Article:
Anonymous Donor, Untitled (I hate forms!), 2009, Pastel on paper, 24.5 x 14 cm
Whose Museum Collection (WM2009.032)

When and why did you start working with participatory art? Was it out of your own need, on your own initiative or through an invitation, assignment or other reason?
Whose Museum started in Vancouver in 2008. It has been collaborative from the start. Our aim has not been to perform participatory art. Whose Museum has always been interested in the ethos of collective feminist art practices, the chance energy around fluxus happenings, and artist collectives like N.E. Thing Co., Group Material, Image Bank, and General Idea. Those ways of working collectively are not limited to the contemporary understanding of participatory art which often amounts to a spectacle or moralistic debate. To begin with we were a bunch of weirdos trying to bring people, places, and objects together. We grew to be a collective with many artists involved. One of the earliest Whose Museum Associates was a clown, Dr. Storey, who invited people to give us things for the collection of Whose Museum. Objects and drawings stuck to us. We kept track of these things by accessioning them all equally without classifications. Over the years we exhibited the collection in random bars, galleries, backyards, etc. We found that the exchange over these objects offered unexpected encounters that were important for us to unlearn our own expectations about art. 
 What do you believe are the artistic qualities of working with others?
 We will pass this question on to our new Associates and get back to you on that. 
 When you think of working with others, what are you thinking of?
At Whose Museum, we often discuss how to make the conditions for art to happen. We do believe that there is value in the unprofessional and letting go of prescribed notions of art. When we worked together with Whose Museum Associate Patrick Cruz last year we also talked about this with him. He said that having faith in the unexpected is important for artists in order to manifest what they want to imbue or attract. On our podcast he also makes some great points about trust, psychic protection, aliens, and ghosts in our collection. He gave us a freestyle workshop that helped us to understand what he meant by trusting the unexpected. Starting from care and friendship, our exhibition with Cruz last year brought people together for art to happen, informing our work in ways which we could not have planned even if we’d tried. 
The artist Wu Tsang also has an interesting perspective. That making art is an excuse to collaborate. She has spoken about her work as having a band: different people who come together to do things now and then. Whose Museum can relate to that.
 How do you experience the conditions for your work with participatory art?
Over the years we have experienced being identified differently given the times, such as participatory, archival, inclusive, collective, social practice. This is one of the conditions making our work harder because labels lead people to presuppose they know what we are. 
We are an art collective running an artist’s museum. This is not new: there is a long history of artist’s museums and collectives. Many times people aren’t aware of that, or they don’t recognise what we do as being art, because our perimetres are so blurry. They are blurry because we love playing with our rules. 
We put things out there and see what comes back before reflecting more critically on what we’re doing. This way of working is not often rewarded in the arts today since artists are expected to defend every choice in their work before revealing it to the world. Sometimes for us it’s also hard to keep the faith in our own intuition in the face of the professional art world.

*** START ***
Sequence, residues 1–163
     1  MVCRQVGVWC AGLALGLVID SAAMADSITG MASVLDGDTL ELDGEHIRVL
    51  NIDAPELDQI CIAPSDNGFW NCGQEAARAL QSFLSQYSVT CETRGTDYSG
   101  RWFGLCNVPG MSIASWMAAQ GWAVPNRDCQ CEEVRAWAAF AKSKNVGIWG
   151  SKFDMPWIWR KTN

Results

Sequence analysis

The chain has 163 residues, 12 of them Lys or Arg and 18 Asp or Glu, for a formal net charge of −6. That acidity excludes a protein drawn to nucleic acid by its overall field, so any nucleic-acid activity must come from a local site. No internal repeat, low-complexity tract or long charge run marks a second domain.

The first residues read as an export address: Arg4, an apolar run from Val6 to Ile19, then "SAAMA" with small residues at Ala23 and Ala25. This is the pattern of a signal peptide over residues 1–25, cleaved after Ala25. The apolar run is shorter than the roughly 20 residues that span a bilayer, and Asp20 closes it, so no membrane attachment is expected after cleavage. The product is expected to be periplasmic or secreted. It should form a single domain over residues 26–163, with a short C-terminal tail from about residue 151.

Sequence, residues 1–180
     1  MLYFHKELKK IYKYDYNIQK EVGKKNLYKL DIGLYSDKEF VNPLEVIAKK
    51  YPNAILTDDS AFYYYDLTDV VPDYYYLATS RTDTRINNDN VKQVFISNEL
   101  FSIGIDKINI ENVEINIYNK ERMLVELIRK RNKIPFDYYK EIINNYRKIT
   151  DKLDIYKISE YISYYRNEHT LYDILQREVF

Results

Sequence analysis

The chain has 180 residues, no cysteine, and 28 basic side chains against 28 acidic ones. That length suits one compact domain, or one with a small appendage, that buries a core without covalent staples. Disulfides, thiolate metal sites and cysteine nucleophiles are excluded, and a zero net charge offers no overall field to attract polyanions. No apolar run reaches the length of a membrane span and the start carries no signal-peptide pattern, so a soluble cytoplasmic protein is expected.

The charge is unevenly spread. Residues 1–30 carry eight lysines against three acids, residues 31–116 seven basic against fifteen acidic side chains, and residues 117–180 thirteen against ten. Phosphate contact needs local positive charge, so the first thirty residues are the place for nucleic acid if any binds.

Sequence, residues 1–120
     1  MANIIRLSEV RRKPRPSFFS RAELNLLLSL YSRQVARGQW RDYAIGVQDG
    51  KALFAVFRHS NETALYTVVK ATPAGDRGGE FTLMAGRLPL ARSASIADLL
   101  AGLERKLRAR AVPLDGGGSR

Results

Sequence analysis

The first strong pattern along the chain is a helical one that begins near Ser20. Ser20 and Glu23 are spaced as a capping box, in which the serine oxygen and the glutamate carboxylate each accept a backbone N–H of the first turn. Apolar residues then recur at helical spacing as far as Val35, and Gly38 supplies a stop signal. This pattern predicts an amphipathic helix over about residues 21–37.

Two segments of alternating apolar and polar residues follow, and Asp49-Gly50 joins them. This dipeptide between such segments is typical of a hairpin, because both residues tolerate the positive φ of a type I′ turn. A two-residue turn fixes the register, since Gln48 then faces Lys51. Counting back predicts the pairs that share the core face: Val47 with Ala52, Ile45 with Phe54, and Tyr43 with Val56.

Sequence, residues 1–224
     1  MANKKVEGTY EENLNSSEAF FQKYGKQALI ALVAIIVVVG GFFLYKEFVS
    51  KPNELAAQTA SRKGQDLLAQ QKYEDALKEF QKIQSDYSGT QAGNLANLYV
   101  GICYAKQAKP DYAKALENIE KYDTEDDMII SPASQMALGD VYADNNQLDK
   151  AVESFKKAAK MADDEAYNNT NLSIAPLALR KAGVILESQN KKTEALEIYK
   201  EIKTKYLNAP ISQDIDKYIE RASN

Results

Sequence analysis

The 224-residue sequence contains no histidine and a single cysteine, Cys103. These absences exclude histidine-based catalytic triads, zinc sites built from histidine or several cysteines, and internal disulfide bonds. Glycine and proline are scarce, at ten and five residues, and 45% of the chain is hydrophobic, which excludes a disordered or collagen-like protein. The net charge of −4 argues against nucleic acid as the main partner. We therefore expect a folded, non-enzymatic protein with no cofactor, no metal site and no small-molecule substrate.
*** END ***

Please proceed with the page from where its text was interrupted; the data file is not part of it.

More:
It can be nice when people don’t recognise it as art, but this depends on the setting. In an art context it can be disappointing when they don’t take the time to engage enough to understand the scope of the project, or see that it’s art, since the status quo is still often limited to what you find in white cube settings.
Do you enjoy participating in other people's art projects as an active audience? How does it make you feel?
Whose Museum Associate Anna Szaflarksi recently summed it up nicely on a T-shirt she made that said, “Please establish an emotional relationship with me.” 
 How do you assess whether a participatory project is successful or not? How does it feel when it is successful, what is the gain for you?
Our work is desirable for us when it emerges from communal joy. It ceases to be good when it starts to create pressure for its members. If we can negotiate making more and more organised projects with Whose Museum while at the same time preserving our mode and attitude, it will keep going. 
Do you have a target group that you usually turn to or that you are more interested in working with? If you are addressing an inexperienced art audience, what is your drive to specifically work with them?
We just try to set things in motion and see what sticks, what comes back, who is drawn to it. We do not overly analyse this process, we roll with it. We don’t set out to work with target groups and we have no predetermined outcomes. Our collection helps to connect people, places, objects, and events. The happenstance relations that arise through these connections are what guide us. 
 What would you like to get out of a network and a platform for participatory art?
We would enjoy entering a conversation and contributing to a broader understanding of art outside of individual studio practice/white cube/academy/market/professionalised scenes. 

Interview conducted in December, 2020 
with Whose Museum Associates Laura VI-X Hatfield and Theresa Tbot Kampmeier

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